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the press, in the case of libel, 589-592
--and on the manner in which news-
papers are conducted, 593, 594.
Priests, licentiousness of, in South America,
329, 330-exactions made by them and
their concubines upon the natives, 342-
mockery of the religious services
formed by them for the natives, 343.
per-
Profligacy of the Romish clergy in South
America, 121, 329, 330.

Publication of a libel, what constitutes, 572,
573-sketch of the law, relative to publi-
cation, 573, 574-mode of proceeding,
575-580.

-

Publications (new), lists of, 316, 614.
Pultowa, monument at, 371.
Q.
Quakers (Russian), notice of, 380.
Quentin Durward, points of resemblance
between, and Schiller's Wallenstein, 530
-547.

R.
Rebellion, effect of, in perverting taste, 186,

187.
Repartimientos or forced allotments, exacted
by the Spaniards of the Aborigines of
South America, 339, 340..
Revenue of India, observations on the mode
of collecting, 51, 52.

Reynolds (Frederick), life and times of,

148--remarks on his work, 149-151.
Ribo Riho, king of Owhyhee, anecdotes of,
429-arrival of, with his queen, in Eng-
land, 430, 431-their illness and death,
431, 432-their remains sent to Owhy-
hee, 432, 433-funeral of, 434, 435.
Roads, structure of, in Russia, 368.
Robinson (Rt. Hon. F. J.), speech on the
financial situation of the country, 283.
See Finance.

Rock Life Assurance Society, remarks on
the proportion of profits returned by, to
the parties assured, 10, 11.
Russian government, toleration of, 401-its

real character, 402, 403.
Russians, avidity of, for the Scriptures, 365
-notice of the Staroværtsi, a sect of
Russian dissenters, 356-and of the
Betzpopocchini, another sect, ib.-piety
of a Russian priest, 369-character of the
Malo-Russians, 370-of the Russian
quakers, 380-baptism of the Russians
in 989, 371-notice of an extraordinary
sect among them, 385-number of
clergy and military, 403.

S.

Sandwich Islands, character and policy of
Tamehameha, king of, 420, 421-
cession of his son, Iolani Riho Riho,

--ac-

422 he destroys the system of pro-
hibition termed the taboo, 422, 423-
baptism of two chiefs, 424-account of
Owhyhee, ib. 425-abolition of idolatry,
and of the worship of the goddess of fire,
425, 427-intrepidity of a female chris-
tiau chief, 427, 428-anecdotes of Riho
Ribo, 428, 429-character of his queen,
429-account of their embarkation for
England, 430-their reception here. 431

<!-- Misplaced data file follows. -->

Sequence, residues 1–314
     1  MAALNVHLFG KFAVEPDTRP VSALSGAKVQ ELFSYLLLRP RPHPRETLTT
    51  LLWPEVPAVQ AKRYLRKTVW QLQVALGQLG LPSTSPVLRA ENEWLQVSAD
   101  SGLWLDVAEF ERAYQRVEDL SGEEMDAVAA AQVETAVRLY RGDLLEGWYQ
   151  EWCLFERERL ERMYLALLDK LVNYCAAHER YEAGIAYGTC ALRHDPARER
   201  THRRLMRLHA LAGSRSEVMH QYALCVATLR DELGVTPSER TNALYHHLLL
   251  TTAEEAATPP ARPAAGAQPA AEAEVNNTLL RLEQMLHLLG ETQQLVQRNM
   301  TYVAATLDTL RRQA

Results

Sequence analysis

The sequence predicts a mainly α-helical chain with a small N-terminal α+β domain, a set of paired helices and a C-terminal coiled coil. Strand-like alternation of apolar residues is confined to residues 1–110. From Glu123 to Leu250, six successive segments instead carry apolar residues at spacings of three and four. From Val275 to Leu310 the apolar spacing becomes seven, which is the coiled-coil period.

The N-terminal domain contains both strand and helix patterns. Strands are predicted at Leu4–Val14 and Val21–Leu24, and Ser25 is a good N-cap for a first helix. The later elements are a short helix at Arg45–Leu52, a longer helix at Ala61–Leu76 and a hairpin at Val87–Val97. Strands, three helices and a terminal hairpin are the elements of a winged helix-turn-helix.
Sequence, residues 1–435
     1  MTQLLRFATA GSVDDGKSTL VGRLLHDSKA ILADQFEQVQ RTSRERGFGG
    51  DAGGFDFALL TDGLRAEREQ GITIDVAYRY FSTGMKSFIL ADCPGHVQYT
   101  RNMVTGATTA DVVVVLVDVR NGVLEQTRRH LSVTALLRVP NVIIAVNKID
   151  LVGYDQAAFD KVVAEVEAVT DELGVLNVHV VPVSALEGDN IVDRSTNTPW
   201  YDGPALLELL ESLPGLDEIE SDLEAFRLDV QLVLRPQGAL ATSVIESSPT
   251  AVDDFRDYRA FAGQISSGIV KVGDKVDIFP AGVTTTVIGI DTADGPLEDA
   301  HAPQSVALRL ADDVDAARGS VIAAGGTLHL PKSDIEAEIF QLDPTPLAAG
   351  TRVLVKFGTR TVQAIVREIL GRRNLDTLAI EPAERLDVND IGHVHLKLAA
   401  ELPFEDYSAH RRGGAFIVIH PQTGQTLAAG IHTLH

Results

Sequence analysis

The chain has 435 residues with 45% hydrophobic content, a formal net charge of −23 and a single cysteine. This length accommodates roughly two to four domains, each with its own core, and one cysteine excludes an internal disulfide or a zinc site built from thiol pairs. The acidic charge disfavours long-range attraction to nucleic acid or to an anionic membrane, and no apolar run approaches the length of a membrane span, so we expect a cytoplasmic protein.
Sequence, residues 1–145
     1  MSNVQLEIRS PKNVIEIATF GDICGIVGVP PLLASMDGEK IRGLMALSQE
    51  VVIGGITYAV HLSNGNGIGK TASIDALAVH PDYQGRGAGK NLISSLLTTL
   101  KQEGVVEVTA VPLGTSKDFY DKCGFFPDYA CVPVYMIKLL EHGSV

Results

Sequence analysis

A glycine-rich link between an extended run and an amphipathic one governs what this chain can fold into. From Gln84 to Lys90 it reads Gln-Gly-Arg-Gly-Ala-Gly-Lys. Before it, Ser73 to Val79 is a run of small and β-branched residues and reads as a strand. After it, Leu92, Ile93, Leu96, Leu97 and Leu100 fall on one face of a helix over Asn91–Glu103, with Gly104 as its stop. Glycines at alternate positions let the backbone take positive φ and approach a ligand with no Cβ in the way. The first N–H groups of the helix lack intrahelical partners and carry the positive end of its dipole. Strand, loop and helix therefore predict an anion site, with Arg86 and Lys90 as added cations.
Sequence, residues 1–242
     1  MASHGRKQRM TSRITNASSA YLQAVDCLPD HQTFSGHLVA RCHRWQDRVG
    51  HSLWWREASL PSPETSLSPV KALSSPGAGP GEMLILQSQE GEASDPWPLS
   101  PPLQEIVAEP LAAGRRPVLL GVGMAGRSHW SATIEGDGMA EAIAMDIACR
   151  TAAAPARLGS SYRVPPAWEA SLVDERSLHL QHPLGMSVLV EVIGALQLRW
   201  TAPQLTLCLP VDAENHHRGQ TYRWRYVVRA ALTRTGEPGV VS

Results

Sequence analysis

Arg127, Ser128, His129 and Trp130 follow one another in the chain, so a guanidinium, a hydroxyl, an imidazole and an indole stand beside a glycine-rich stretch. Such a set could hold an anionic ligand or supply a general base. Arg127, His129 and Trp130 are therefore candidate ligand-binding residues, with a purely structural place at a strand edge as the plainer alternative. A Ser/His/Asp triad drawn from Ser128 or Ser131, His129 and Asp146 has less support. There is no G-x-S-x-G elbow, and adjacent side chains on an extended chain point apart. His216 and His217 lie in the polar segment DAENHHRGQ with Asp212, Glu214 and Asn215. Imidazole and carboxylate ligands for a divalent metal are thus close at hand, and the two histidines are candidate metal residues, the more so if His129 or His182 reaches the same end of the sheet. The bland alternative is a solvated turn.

-illness and death of the queen, 16 →
and of the king, 432-return of his sure,
with the royal remains, to Owyhee,
432, 433-funeral of the king and queen,
434, 435-excellent hints given to the
national council by Lord Byron, 437—
departure of his lordship and the crew of
the Blonde, from Owhyhee, 437-re-
marks on the conduct of the American
missionaries, and the effects produced by
it, 438-441.

Sayers, (Dr.) Collective Works of, with a
Sarepta, notice of the Moravian colony at, 382.

Biographical Memoir, 175-account of
his early years and education, ib. 176—
179-noble offer made to him by Bishop
Thurlow, 180-studies medicine, 181-
graduates at Harderwyk, 183-settles at
Norwich, and devotes himself to literary
pursuits, 183, 184-Dr. Sayers's mode of
composing, 205-remarks on bis dramatic
sketches, 205-207, 211-specimens of
them, 208-211-translated into German,
214 remarks of German critics on them,
215-extract of his mock-heroic on Jack
the Giant-killer, 217, 218-fragment of
his Guy of Warwick, 218-employment
Schiller'sWallenstein, points of resemblance
of his latter years, 220-death, ib.
between, and Quentin Durward, 530—
547.

Scythian tumuli, notice of, 380, 381.
Sedgwick's (H. D.) vindication of himself,
221-extract from his pamphlet, 236.
Servian Minstrelsy, translations from, 66—
account of the battle of Kossova, between
the Servians and Turks, 67, 68-Servian
version of it, 69-specimen of Servian
metrical romances and historical ballads,
71-80-of lyrical ballads, 80-and
Shakspeare's Henry VIII. and Mr. Mil-
songs, 81, 82.
man's Anne Boleyn, parallel between,
with remarks, 352-360.
Snodgrass (Major), Narrative of the Bur-
mese War, 481-necessity of the Bur-
mese war, ib. 482-preparations of the
Burmese, 482-attack of a British post,
483-account of Major-generalCampbell's

armament,

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dical writings, 99, 100-advantage of a
philosophical view of the whole Talmud,
113.

armament, 484-hostilities commenced,
483-internal appearance of Rangoon,486
-difficulties of the British troops, 487-
Burmese mode of warfare, ib.-defeat of Tartary (Little), appearance of, 370-se-